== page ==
Honeytrap, which gathers data regarding attacks against TCP and UDP services comes in at a second place with 19.835 events. The majority of events occured against TCP port 8088, which I guess is a typical port to set your web server to when you want it to not be completely visible on port 80. not exactly the best security control! The majority of events are sent from Russia.

What's interesting is the spike in events on port 81 on Oktober 9th at around 20:00 GMT+1 from China:

Port 81 is a port typically associated with the WICKED botnet; an offspring of Mirai which wreaked havoc on the internet in 2016-2017 with it's ability to hijack and capture IoT-devices such as IP-Cameras and home routers using default credentials to said devices. Mirai would then use said devices in advanced DDoS attacks.

In October 2016, after a huge DDoS Attack against Krebsonsecurity.com who was one of the first to report on the botnet, the source code for Mirai was released to the public. Since then we have seen various variants of Mirai appear, including WICKED which was detected in May of 2018.

WICKED uses preexisting exploits to infect devices instead of the original Mirai which only used default login credentials. One of these exploits are used against CCTV-devices on port 81.
The spike lasted for about 10 minutes and created 482 events which all originated form a single specific IP-address from ASN 4837 -  CHINA UNICOM China169 Backbone.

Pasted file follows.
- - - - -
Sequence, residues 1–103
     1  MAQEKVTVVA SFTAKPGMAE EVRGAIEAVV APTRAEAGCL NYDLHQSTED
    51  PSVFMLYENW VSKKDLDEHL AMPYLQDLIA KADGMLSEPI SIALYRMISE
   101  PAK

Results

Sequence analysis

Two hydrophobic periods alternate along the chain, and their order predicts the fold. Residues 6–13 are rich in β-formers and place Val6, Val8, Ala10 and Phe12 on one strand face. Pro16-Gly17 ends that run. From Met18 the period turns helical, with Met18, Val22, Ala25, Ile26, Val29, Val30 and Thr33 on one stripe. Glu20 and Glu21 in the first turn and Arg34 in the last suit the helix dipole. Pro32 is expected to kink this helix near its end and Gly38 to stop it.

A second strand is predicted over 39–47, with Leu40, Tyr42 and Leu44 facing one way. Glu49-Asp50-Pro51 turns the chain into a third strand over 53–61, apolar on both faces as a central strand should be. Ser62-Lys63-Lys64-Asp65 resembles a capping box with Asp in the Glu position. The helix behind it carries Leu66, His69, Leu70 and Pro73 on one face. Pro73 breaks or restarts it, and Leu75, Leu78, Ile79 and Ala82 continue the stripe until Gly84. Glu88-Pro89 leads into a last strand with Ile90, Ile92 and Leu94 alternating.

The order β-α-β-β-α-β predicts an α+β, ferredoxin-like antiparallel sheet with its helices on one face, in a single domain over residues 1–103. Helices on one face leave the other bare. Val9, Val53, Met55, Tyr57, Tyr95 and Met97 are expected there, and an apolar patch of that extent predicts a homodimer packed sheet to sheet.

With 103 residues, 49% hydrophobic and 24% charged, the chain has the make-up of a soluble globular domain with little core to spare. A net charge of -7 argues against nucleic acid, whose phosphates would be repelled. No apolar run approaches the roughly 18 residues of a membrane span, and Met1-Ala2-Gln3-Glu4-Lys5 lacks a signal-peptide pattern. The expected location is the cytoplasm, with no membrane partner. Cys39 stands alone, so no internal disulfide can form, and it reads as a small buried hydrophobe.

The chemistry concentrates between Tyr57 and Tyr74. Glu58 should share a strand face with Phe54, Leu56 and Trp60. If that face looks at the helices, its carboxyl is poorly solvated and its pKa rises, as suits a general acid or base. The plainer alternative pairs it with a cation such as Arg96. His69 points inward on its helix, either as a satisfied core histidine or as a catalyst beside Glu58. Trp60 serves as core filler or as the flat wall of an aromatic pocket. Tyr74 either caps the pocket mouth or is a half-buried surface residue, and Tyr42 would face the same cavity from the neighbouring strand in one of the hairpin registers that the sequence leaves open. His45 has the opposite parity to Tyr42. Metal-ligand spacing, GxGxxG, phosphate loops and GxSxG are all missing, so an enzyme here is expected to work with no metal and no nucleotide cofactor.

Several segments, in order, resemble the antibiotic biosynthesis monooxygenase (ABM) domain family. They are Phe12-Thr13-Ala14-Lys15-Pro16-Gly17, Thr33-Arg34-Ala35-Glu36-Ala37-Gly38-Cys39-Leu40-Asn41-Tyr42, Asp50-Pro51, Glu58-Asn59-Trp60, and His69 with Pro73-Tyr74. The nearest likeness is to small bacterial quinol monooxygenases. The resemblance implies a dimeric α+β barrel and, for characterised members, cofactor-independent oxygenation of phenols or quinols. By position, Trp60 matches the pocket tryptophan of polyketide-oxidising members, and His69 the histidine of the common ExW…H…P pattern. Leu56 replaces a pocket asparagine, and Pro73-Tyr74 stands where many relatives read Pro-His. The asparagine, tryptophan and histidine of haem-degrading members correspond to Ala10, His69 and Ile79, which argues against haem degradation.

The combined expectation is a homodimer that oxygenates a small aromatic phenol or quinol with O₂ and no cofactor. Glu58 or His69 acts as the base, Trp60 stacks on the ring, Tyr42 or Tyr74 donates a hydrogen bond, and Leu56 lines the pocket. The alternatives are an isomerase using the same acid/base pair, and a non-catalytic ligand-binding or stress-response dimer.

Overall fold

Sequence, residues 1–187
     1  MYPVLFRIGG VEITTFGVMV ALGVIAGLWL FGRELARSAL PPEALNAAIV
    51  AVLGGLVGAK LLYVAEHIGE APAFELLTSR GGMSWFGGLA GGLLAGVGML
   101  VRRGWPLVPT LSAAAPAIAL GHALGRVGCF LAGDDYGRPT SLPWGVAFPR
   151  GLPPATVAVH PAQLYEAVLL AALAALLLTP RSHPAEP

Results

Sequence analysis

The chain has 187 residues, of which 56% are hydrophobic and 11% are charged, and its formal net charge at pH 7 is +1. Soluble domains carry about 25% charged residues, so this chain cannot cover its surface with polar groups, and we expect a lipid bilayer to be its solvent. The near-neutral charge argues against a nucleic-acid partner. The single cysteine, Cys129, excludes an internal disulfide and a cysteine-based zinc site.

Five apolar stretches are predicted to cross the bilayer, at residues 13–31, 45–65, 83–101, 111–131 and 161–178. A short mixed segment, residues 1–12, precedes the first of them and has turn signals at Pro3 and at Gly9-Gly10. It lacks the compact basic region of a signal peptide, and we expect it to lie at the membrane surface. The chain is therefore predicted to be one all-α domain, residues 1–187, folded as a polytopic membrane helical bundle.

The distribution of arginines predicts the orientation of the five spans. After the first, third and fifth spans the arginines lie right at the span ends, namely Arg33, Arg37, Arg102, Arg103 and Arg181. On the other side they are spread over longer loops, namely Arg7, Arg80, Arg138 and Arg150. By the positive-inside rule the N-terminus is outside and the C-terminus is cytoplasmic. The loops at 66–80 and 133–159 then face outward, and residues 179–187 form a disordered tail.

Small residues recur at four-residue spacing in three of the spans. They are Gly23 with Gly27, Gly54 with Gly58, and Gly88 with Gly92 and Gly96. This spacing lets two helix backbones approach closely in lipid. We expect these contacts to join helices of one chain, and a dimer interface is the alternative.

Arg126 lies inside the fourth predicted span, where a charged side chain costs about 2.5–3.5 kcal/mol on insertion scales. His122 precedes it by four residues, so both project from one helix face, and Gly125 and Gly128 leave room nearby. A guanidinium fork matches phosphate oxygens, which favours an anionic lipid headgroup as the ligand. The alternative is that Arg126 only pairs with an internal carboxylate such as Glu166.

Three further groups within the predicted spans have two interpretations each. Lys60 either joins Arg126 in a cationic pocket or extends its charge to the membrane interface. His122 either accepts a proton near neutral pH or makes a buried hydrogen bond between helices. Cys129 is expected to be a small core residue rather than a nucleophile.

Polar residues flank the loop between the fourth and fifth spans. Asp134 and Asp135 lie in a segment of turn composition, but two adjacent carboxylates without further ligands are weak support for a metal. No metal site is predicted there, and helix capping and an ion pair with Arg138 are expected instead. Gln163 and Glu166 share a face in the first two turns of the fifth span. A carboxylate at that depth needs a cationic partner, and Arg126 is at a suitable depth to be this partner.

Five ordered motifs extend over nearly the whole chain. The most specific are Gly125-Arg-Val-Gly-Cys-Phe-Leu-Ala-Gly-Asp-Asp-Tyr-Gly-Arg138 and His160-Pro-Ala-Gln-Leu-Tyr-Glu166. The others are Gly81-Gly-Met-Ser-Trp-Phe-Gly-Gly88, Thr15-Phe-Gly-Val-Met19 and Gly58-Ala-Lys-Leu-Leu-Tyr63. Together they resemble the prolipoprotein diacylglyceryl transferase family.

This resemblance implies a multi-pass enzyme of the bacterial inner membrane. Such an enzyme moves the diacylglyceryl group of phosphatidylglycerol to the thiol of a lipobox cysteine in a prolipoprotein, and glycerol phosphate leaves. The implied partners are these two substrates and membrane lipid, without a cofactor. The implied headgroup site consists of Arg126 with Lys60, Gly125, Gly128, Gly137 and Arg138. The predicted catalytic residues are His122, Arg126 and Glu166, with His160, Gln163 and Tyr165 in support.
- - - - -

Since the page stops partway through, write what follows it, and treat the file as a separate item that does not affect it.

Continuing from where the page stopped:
Except for the spike in traffic on port 81, we identified about 500 packets trying to authenticate to our 'server' using HTTP Authorization header.

The request is base64 encoded but just for fun, I grabbed all ca 500 headers, decoded them and saved the login credentials. Unfortunately, the were as interesting as the information we got from Cowrie: Default credentials for primarily IoT-Devices.


Dionaea, which collects information about attacks on SMB, HTTP, FTP, TFTP, MSSQL, MySQL and SIP comes in at a strong third place with 1,448 events in two days.

We can clearly see that the majority of attacks (72.61%) have been executed against TCP port 445. Since the release of the NSA developed exploits EternalBlue and DoublePulsar (the combination which made WannaCry possible) in early 2017 we have seen a large amount of attacks against SMB ports on the internet. To verify that the attacks on port 445 actually is EternalBlue (EB)/DoublePulsar (DP), we can take a look at the suricata dashboard, or Suricata Alert Signatures in the main dashboard:

We can see that 135.095 alerts for DoublePulsar have been generated through Suricata. Through T-Pot and their implementation of ELK I can search Logstash and filter any event on port 445 that includes the keyword: "DoublePulsar" to find the number of DP attacks on the honeypot for the last 48 hours.

So out of all 135.095 attacks against TCP port 445, only 4.944 were not identified to be using the DoublePulsar exploit.


So what have we learned?

  • China, Russia and USA are the biggest attackers.
  • Mirai is alive and well in some fashion.
  • DoublePulsar and EternalBlue is still used.
  • Default credentials are a bad idea.
  • Default credentials are a really bad idea if you plan on facing your system towards the internet.
  • There are more attacks against SMB than Telnet or SSH.
  • Russia likes SMB attacks. China likes Telnet/SSH attacks.

This became quite a bit larger than I previously thought, so I will probably split this project in four parts: Oregon, London, Seoul and a summary of everything found.

I hope this has been interesting to some of you. Stay tuned for the coming articles regarding London and Seoul!